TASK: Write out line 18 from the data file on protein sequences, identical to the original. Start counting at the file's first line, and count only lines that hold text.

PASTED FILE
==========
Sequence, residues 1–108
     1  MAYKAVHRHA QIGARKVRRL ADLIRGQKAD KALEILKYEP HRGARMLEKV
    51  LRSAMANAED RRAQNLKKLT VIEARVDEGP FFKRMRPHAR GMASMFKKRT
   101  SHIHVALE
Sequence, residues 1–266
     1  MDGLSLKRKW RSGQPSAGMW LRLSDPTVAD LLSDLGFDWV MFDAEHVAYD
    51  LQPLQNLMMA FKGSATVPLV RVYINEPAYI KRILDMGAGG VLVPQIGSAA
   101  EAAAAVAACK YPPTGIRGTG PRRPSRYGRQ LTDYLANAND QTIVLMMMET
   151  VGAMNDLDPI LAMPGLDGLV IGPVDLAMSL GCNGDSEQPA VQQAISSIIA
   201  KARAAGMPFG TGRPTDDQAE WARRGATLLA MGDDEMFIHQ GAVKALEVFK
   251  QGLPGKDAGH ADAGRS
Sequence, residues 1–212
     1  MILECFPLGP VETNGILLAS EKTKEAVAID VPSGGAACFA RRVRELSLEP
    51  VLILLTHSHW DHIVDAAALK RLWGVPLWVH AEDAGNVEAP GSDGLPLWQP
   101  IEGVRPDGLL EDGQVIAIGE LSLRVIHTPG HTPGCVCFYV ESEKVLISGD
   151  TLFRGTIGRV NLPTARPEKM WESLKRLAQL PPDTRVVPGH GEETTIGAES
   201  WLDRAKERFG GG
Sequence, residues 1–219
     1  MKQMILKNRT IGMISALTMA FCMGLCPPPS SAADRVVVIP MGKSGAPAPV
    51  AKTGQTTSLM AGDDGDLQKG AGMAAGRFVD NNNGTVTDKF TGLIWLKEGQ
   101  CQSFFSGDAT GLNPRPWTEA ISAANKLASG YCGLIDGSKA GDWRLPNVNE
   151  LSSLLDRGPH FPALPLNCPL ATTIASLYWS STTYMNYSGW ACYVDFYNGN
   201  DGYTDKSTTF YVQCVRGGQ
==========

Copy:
Sequence, residues 1–219